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On that video about non-book reading

on thinking before sharing and thinking about sharing

A few days back I kinda jumped on a social media bandwagon reposting the Jimmy Kimmel video, Can you name a book? I cringed when I watched that video. And I had an icky feeling when I hit the Tweet button. But I did it anyway. Kimmel referred to a Pew survey released in March that explored […]

News literacy tools: Advice, four sites and a new app (Swiipe)

One of the reasons our students find and use news that is less than credible is that their news habits are less than energetic. Among the ten key trends Pew researchers gathered from among their research reports on social and news media were: Use of mobile devices for news continues to grow. Two-thirds of Americans […]

Thinking with the Super Bowl

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Here in Philadelphia, we’re particularly excited about this year’s Super Bowl. It’s a bit of a challenge to remember that a lot of learning that can happen beyond what happens on the field. Each year, media literacy consultant Frank Baker reminds me that this major sports event is also particularly ripe for media literacy learning. In a […]

UNESCO Launches Five Laws of Media and Information Literacy (MIL)

This week UNESCO launched a framework illustrating its Five Laws of Media and Information Literacy (MIL). This global strategy marries the large, but often separated, disciplines of information literacy and media literacy and creates a common vocabulary for folks in multiple areas of knowledge to engage in conversation. It also positions these critical literacies as […]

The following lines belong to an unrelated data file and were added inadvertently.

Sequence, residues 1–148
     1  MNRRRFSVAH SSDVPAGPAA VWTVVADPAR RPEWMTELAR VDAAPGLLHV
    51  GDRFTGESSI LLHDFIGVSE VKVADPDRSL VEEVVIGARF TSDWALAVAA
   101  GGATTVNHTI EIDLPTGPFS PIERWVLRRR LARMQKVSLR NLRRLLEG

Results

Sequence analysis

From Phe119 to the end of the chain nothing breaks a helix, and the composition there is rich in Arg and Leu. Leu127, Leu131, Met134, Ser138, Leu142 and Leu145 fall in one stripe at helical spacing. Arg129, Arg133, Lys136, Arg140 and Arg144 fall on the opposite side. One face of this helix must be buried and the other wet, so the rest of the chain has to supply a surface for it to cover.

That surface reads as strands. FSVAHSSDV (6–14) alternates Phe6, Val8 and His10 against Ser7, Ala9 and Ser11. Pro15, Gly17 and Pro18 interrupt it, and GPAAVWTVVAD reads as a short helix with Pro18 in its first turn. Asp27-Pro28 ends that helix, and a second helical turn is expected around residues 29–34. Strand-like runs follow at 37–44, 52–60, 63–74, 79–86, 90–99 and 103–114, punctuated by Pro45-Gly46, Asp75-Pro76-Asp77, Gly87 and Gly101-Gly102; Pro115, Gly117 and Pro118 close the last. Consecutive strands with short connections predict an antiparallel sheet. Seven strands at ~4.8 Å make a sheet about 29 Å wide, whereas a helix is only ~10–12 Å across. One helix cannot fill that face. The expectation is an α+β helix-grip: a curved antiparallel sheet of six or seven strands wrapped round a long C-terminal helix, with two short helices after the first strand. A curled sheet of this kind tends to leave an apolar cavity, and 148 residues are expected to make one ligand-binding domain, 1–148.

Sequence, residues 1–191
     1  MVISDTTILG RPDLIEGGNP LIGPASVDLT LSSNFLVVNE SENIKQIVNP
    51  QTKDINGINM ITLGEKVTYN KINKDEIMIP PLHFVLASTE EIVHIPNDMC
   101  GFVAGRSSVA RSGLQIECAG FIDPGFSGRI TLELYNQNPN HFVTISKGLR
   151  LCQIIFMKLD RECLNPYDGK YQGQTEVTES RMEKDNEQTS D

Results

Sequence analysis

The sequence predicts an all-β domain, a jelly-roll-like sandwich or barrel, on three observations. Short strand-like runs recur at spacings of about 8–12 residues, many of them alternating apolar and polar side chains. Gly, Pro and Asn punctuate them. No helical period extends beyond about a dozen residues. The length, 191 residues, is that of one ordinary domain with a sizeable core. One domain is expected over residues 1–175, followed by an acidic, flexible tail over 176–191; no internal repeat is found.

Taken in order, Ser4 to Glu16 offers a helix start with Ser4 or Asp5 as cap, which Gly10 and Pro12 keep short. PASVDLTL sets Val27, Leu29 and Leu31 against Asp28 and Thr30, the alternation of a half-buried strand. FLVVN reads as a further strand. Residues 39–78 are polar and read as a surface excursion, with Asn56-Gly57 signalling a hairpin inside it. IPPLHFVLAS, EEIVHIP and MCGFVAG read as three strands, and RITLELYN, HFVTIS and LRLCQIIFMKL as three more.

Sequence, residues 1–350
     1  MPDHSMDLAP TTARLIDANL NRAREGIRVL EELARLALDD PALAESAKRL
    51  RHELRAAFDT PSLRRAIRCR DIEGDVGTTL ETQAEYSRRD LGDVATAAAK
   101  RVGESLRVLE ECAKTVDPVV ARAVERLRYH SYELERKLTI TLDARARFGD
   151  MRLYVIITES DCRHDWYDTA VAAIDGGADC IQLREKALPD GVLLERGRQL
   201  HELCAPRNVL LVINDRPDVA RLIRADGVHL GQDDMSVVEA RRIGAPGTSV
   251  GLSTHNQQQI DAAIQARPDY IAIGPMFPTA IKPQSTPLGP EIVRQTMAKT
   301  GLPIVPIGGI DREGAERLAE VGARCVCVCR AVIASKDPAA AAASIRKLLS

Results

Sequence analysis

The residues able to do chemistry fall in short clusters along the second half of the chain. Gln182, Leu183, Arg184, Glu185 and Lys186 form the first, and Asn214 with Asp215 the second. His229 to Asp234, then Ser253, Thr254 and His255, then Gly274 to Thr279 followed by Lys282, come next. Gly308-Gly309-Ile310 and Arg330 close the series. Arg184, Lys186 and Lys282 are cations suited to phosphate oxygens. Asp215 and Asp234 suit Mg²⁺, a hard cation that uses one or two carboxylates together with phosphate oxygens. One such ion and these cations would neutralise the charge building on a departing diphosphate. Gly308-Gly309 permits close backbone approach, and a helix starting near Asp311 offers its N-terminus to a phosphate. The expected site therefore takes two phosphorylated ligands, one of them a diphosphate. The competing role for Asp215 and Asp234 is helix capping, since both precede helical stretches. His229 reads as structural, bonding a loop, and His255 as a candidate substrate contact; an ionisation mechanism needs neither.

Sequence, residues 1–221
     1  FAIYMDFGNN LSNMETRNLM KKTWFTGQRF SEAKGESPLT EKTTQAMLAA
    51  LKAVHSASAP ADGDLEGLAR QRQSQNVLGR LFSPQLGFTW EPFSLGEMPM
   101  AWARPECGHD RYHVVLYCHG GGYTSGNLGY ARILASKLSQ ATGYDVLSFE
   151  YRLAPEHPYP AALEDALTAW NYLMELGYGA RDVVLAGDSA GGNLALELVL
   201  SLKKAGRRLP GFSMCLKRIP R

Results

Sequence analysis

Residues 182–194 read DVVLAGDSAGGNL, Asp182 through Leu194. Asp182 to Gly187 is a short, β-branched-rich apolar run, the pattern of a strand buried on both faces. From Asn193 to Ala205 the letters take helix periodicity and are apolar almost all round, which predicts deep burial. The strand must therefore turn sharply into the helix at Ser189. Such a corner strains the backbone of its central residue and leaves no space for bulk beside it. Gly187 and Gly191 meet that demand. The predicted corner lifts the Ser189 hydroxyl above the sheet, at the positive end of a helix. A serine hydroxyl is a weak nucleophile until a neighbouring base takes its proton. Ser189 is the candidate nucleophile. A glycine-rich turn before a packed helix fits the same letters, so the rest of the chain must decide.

Truth, truthiness, triangulation: A news literacy toolkit for a “post-truth” world

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We were guaranteed a free press,  We were not guaranteed a neutral or a true press. We can celebrate the journalistic freedom to publish without interference from the state.  We can also celebrate our freedom to share multiple stories through multiple lenses. But it has always been up to the reader or viewer to make […]

UniversityVideos.org: search, transcripts, and automatic clipping!

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I make so many discoveries through my grad students’ Weekly Search News presentations. This week, Emma shared Universityvideos.org. The new free video library, created by the MicroSearch Corporation curates academic videos and the metadata from a vast array of Univerisity YouTube channels, as well as TED and TEDx talks, scientific and cultural institutions like NASA […]

On magazine covers and media literacy

Whether they are composed of photographs or illustrations, magazine covers are one of many examples of media offering candidates free coverage.  They are also carefully constructed media messages ripe for closer reading and deconstruction to further our students’ digital, visual and political literacies. In his recent article in MiddleWeb, media literacy expert and consultant Frank […]

What is my movie? a cool new movie search

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What is my movie is a remarkable search tool that can help those of us with memory issues remember the title of that film we are struggling to remember.  Simply type anything you do remember in the search box and What is my movie will try to match your search terms among metadata from field […]

Political TV Ad Archive (and a resource round-up)

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A media literacy opportunity like this comes along every four years. Political advertising is expected to reach several billions of dollars this season, leaving most Americans both barraged and confused. Political TV Ad Archive, a free project recently launched by the Internet Archive, arrived just in time to support this learning opportunity.  It is already […]